It’s the silence you notice first. The silence of a sacred place unchanged by human contact. Gold rushes. Coal-mining disasters. The arrival of white settlers, and then their sudden departure. The vertiginous, pockmarked sandstone face of Ngarrabullgan has sat above it all. Watching, silent, still.

Fly west from Cairns, above the farmland and mulga scrub of the Atherton Tablelands, and it emerges out of the haze, a primordial table-top monolith sitting 400 metres above the surrounding hills and plains. Bound tightly to the identity of the local Djungan people, it runs 18 kilometres north to south, 10 times the size of Uluru.

The Lodge sits in the shadow of Ngarrabullgan’s eastern flank, the mountain adding a sense of contemplation to this all-inclusive luxury retreat. Experiencing the region’s geological, Indigenous and colonial histories is central to a stay here, whether you’re investigating old gold fields, or learning about the Mount Mulligan coal mining disaster and touring its abandoned township.

Between times, you’re relaxing in spacious rooms built from spotted gum and handsome stone tiles, or soaking in the oversized outdoor corrugated-iron bathtub with its views overlooking a tree-lined weir. Or maybe you’re sipping champagne in the infinity pool, rising early for yoga, fishing for barramundi, experiencing a cattle muster (at certain times of the year – the lodge sits within a 28,000-hectare working cattle station), and enjoying sunset cocktails while admiring Ngarrabulgan’s escarpments. Or maybe you’re just going large on à la carte farm-to-table food, and Australian wine, beer and spirits in the main pavilion.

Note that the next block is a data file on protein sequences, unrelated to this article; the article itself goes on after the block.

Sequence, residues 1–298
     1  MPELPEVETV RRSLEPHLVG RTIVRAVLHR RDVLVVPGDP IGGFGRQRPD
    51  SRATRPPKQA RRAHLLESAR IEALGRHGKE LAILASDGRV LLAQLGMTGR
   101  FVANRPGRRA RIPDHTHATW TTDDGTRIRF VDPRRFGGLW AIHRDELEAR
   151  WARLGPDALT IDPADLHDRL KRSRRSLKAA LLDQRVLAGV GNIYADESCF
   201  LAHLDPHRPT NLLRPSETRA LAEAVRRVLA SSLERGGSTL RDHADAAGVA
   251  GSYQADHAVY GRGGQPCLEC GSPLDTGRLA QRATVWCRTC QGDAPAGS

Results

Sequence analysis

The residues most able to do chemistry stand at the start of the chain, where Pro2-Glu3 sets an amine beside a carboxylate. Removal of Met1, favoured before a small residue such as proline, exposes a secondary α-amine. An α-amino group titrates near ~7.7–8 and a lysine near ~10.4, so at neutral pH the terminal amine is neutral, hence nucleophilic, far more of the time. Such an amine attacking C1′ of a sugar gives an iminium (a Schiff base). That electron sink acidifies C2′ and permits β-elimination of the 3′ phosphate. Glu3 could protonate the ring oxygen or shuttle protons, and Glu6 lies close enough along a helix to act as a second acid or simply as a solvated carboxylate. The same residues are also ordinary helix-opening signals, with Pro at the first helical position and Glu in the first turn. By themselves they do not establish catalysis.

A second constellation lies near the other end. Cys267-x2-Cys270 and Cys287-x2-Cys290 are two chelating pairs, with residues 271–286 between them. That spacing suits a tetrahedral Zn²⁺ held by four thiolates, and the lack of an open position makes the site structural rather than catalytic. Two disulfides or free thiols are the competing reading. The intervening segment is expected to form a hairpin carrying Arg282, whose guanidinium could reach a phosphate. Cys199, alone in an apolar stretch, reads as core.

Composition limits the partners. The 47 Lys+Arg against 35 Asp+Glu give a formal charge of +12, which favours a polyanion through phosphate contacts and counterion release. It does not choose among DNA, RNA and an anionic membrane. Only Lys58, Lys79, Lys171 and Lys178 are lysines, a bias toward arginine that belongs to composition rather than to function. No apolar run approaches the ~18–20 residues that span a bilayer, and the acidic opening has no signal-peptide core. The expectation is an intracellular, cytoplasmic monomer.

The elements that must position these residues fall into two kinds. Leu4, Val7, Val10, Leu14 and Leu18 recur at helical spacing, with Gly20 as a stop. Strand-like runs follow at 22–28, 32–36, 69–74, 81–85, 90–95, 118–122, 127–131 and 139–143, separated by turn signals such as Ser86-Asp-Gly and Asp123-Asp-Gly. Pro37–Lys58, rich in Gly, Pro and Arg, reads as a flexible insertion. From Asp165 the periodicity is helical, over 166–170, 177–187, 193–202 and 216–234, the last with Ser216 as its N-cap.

You won’t ever share the lodge with more than 19 other guests, meaning nothing’s too hard for the staff and their egalitarian style of service. And “all-inclusive” does a number on your brain – there are no room keys and you’re never signing a bill, making this feel nothing like a hotel and everything like staying at your mate’s fancy cattle farm.

Transfers from Cairns are typically by helicopter, but self-drive if you’re keen to tour the wider Atherton Tablelands.

Head south from the lodge, exploring towns such as Chillagoe, with its limestone caves, or the quaint heritage village of Yungaburra, before discovering the spectacular Waterfall Circuit. Start at the 18-metre Millaa Millaa Waterfall – one of Far North Queensland’s most famous – before driving to the viewing platform overlooking Zillie Falls – a great spot for lunch. Finally, Ellinjaa Falls is another two kilometres down the road, a beautiful, shaded waterfall that could be lifted from a picture book.

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Updated: December 15th, 2022

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